When you look at the surface of the cat tongue, you'll see all sorts of different spines on the surface.

These small spines are called 'papillae.'

They are composed primarily of keratin, such as like our fingernails.

When I started this study, my first thought was that these cat spines are used to rasp meat off bones, because that was the general consensus.

So I actually took a dissected cat tongue and I took a piece of pork, and I basically grated the pork with this cat tongue to see what would happen.

And, lo and behold, the cat tongue was able to rip that meat off of that pork slab very, very easily.

And I stuck it under the sink to wash it, and the cat tongue was dyed red, and I thought that was very strange.

It should be able to wash off easily, and I could not get that color out of these spines.

And so I pulled one of the spines out from the cat tongue and stuck it in a CT scanner to get a beautiful 3-D image, and when that image came out of the CT scanner, it was fascinating.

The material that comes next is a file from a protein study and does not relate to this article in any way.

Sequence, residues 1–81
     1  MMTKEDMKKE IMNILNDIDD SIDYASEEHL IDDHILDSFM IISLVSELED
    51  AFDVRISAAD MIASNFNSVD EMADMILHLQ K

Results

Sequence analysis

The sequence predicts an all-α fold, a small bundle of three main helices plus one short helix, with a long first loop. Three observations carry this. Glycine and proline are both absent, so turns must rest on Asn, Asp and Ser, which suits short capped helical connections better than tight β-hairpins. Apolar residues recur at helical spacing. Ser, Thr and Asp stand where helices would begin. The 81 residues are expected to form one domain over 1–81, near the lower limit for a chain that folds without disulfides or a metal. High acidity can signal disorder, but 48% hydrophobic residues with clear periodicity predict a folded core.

We saw this tiny little scoop, this little U-shaped -- I call it an ice-cream scoop.

My mind was blown.

That was totally contradictory to all of the previous literature.

So, the purpose of the tiny little scoop in these cat spines in the mouth is quite interesting.

These little scoops hold saliva, very similar to how a drinking straw kind of pulls up water when it's in your cup.

These little spines will pull in water and store water in the spines.

So when a cat goes to groom and it lodges these spines deep into the fur, it's able to distribute that saliva deep within its fur, all the way down to its skin, which better helps it clean its fur.

And it's used beyond just grooming.

We've shown that the fluid-dispensing properties of these papillae can help with control of body temperature in cats, so being able to distribute saliva deep within their fur can help with that cooling.

And we found that this scoop shape was not just in a domestic-cat tongue.

In fact, these scoop shapes were found from house cats all the way up to tigers, and what's cool is that these little spines are the exact same size from house cat to tiger, which is very strange in the animal world.